In this interview with Michael Gove, the Education Secretary, he makes it clear that he believes that music teachers in particular should not feel that they cannot touch a child during a lesson when trying to help them improve their technique. For years now, we music teachers have been aware of the dangers of children misconstruing such contact, particularly as we tend to teach on a one to one basis, generally in a room as far away from the rest of humanity as possible in case our noise disturbs anyone. Advice was issued by our local authority, when I taught for them, to teach only in a room with a glass window in the door, not at the end of a corridor and if necessary with the door open.
Oh yes, the Maths department would LOVE that!
Believe me, teaching a child how to do vibrato verbally is a non-starter! Most youngsters think they have to wiggle their hands rather than the whole forearm and I always end up holding their wrists, as if in a splint, and doing the motion for them until they feel the rhythm and sense of it and start to be able to reproduce it themselves. Usually as I move towards them I say, “Excuse me – they always say don’t touch the children, but I’m going to have to if you’re going to get this right!”
So far, ( 35 years or so of teaching later) I haven’t had any problems with that approach.
There have also been occasions when kids get upset during lessons. This is not because I’m a nasty person, I hasten to add! Quite the opposite – I have a good rapport with all my pupils, adults included, and they tend to tell me their tales of woe on occasions, again probably because it’s one to one and I actually have time to listen to them. I’m a warm, emotional, tactile person. I’m a Mum who sees an upset child and want to offer some comfort. To stand back, saying “sorry you’re upset but my reputation is worth more than giving you a hug” is just plain inhuman in my view.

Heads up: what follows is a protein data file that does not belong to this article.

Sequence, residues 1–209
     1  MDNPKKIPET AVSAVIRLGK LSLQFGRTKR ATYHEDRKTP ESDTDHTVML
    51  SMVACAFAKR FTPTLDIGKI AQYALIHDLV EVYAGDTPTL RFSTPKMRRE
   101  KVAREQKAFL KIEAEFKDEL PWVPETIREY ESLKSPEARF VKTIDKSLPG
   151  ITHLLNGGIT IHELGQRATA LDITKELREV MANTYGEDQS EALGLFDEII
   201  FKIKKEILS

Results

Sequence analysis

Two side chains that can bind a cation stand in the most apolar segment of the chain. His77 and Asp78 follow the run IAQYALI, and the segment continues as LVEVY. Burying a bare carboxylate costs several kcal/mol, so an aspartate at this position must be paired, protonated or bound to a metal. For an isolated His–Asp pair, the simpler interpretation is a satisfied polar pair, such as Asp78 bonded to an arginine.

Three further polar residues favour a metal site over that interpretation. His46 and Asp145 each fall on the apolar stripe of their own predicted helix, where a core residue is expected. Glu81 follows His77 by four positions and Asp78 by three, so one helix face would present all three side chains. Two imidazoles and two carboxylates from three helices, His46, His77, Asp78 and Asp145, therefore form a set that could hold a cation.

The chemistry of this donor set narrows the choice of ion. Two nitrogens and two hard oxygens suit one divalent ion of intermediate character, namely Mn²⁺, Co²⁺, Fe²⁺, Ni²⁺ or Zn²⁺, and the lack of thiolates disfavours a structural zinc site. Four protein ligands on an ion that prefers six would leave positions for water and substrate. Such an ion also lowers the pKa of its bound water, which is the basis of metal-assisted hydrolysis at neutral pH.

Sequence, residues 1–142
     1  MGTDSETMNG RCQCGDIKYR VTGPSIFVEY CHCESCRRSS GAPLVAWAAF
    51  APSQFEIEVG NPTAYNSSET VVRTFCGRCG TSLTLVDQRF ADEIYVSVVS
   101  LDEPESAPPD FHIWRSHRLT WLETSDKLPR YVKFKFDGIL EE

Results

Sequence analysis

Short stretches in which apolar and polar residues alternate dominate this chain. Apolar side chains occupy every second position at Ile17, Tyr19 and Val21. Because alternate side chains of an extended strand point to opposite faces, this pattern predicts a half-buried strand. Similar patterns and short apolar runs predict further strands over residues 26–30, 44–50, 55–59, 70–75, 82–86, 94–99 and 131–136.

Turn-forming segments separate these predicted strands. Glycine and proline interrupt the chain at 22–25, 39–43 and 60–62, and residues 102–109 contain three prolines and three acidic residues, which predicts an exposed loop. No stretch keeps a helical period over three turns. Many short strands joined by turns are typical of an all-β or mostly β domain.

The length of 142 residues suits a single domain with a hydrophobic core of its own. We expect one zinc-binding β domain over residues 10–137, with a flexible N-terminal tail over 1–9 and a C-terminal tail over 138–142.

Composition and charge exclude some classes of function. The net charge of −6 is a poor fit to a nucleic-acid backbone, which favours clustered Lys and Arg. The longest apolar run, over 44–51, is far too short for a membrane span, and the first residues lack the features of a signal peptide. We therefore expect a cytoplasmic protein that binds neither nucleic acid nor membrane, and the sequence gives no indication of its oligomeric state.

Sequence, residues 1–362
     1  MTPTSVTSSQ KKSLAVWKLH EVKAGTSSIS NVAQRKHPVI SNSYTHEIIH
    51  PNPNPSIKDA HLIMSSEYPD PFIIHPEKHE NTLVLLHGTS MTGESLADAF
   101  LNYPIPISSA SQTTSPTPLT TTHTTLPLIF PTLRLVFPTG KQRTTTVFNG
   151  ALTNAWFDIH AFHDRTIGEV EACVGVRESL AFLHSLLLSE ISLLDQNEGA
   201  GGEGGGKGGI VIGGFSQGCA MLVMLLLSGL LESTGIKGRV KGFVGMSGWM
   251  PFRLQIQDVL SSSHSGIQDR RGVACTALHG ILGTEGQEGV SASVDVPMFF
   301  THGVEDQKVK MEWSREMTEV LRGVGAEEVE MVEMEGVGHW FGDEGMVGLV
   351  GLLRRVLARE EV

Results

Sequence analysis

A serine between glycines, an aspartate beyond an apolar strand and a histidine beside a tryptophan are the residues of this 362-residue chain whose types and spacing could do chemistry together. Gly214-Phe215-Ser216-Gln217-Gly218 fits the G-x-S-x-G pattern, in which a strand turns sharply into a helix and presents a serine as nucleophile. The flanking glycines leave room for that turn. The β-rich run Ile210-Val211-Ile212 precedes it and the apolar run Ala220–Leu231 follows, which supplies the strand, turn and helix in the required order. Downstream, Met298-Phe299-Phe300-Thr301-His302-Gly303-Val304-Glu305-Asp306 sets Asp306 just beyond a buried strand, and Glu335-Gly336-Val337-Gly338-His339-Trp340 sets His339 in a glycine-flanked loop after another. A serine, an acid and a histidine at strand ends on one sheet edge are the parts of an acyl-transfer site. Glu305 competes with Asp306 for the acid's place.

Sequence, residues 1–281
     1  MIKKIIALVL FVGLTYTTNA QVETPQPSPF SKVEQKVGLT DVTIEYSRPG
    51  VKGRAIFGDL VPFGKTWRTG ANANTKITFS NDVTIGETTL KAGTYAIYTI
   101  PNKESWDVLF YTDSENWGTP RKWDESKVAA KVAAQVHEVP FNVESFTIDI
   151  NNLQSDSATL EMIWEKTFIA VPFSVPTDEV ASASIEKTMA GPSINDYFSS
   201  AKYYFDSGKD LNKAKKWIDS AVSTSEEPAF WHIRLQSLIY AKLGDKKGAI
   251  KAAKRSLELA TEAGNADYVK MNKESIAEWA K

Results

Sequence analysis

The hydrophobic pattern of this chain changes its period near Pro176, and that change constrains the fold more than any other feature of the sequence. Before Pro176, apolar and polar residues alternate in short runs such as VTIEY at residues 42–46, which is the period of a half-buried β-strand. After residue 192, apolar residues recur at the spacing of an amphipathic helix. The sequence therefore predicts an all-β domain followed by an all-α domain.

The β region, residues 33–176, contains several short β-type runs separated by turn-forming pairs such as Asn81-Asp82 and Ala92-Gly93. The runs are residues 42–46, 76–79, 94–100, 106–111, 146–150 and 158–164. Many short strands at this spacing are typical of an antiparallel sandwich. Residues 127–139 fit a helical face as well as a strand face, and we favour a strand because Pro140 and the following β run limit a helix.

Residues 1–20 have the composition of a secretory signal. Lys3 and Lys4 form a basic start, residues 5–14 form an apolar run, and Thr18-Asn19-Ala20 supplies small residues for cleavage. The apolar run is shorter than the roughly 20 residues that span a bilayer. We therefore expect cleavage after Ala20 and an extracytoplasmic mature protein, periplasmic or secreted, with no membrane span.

A spokeswoman from the Musicians’ Union was interviewed to put the opposing view to Mr Gove’s. She argued that children should be taught by example and watching, and would learn more effectively that way. Try telling one of my blind pupils to watch how to hold the bow! With sighted children I try to be a good rôle model and encourage them to practise in front of a mirror trying to look like me (poor things!) but for some of my pupils this luxury is not available. I appreciate this is a special case. Nevertheless, THOSE children are quite used to people touching them in an appropriate manner to guide them in the right direction in all senses. I’m told that dancers and gymnasts just accept that their teachers will be pulling them around in lessons. Accept that, or don’t take lessons. “End of” – as they say!
I have a piano teaching colleague, who, in order to avoid physical contact, uses a pencil to poke errant child’s hand, finger, wrist, into the right position for correct technique. Now THAT is what I call perverted!
Thank you, Mr Gove for bringing an element of reason to this land, which has been slipping ever further down that slope of suspicion, accusation and litigation. I’m with you!